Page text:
The first important thing you need to know about Monica Drake's The Stud Book (Hogarth, 2013) is that it is set in Portland, Oregon. We love Portland, Oregon here in this house. We do. We love its quirky liberal crunchiness, Reed College and Powell's bookstore, the Chinese tea garden, and everything else about it. We haven't been there in ages, but Portland is etched forever in our early '90s-nostalgic once young-adult brains as the mecca of hip, the very definition of cool.
The second thing you need to know is that I have an infinite appreciation for authors who capture thirty- and forty-something life, marriage, and parenthood in ways that are sharp, insightful, full of heart, and very hilarious. If you take those appealing literary qualities and plunk them down in Portland, you instantly have my attention.
In other words, I am perhaps an ideal reader of The Stud Book. And, dear reader, I could not put it down.
The Stud Book takes us into the lives of four longtime friends: Georgie, a new mom who is hoping to hang on to a semblance of her professional self; Nyla, a widowed earth-mother of two older girls, newly pregnant without a partner; Sarah, an animal behaviorist who spends her time studying zoo animals' mating and parenting habits but who is herself unable to carry a pregnancy to term; and Dulcet, a struggling artist, single woman, and part-time health and anatomy presenter in the public schools. We also meet the wonderful Arena, Nyla's bright and sensitive teen daughter; Arena's juvenile delinquent boyfriend; and the men: Humble, Georgie's not-quite-ready-for-fatherhood creepy drinking-game playing husband; Ben, who tries but fails to support Sarah; and Dale, Sarah's attractive co-worker. Drake explores the hilarity and pain of their lives and relationships, poking fun at their types in ways that are both perfectly observed and yet not without kindness.
I loved the plot and the rotating point of view, but it it was the author's tone and her compelling characters that drew me in and kept me captive. Georgie's struggle hit close to home, Sarah's miscarriages broke my heart , and Arena's intense teenage sincerity brought out the mother in me. Everyone knows someone a bit like Nyla, whom we both admire and sometimes question for her idealism. Some scenes made me laugh right out loud then instantly filled me with compassion (I'm very sorry, Ben, about your accident in the men's room, but oh, did I giggle). One of my favorite chapters, and a perfect example of Drake's skillful portrayal of the many facets of life's humor and irony was Georgie's gloriously anticipated moment of heading off to an academic conference in which she was to introduce an important speaker, only to find she has been assigned to escort Clifford The Big Red Dog. Georgie seethes with resentment at Clifford and the organizers and this mommy-track assignment, when all hell breaks loose - her child melts down, Georgie is knocked off her feet, she finds herself on the floor looking up at Johnny Depp, the conference celebrity. Who comes to her rescue? None other than Clifford:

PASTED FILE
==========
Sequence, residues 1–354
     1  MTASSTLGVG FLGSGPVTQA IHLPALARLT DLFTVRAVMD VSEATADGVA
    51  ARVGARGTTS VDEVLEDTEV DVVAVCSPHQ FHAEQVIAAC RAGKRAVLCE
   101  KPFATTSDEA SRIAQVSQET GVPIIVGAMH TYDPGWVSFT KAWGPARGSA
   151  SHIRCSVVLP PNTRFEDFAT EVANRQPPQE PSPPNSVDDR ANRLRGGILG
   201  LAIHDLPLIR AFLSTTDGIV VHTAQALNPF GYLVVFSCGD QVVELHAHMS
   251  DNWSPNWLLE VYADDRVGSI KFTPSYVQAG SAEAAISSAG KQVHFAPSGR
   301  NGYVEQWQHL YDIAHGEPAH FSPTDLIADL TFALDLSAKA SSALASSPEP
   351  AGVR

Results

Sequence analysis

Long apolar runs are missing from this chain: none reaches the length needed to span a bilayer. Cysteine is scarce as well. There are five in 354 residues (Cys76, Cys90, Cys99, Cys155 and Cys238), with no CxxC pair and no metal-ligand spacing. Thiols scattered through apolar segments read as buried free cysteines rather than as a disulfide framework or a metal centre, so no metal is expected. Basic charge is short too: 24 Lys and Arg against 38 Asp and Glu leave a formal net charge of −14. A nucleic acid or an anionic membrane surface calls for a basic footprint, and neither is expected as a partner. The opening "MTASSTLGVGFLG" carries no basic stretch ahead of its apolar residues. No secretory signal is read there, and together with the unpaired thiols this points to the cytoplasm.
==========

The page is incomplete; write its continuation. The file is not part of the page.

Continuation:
[Georgie] knew who was inside that costume: a mom. Somebody unemployed. Maybe someone with a graduate degree, out to network. Maybe it was a writer-mom with a book in process, an agent in New York, a dream as big as all Manhattan. It was somebody who knew how to sling a diaper bag, push a stroller, and not miss a beat...Inside that big dope of a dog, inside that dancing red costume, was at least one part of the woman, the caretaker, Georgie tried to pretend to be. This she thought, this dog, is how we dress a mom. Her own head felt like a puppet's then, big and fuzzy, blinking under fluorescent lights, hiding another brain deep inside.A deft turn by Drake, reminding us none of her characters, nor any of us, are so simple or definable as we might outwardly appear to be.
Have I mentioned that I could not put the book down?
My thanks to the publisher for a complimentary review copy of The Stud Book.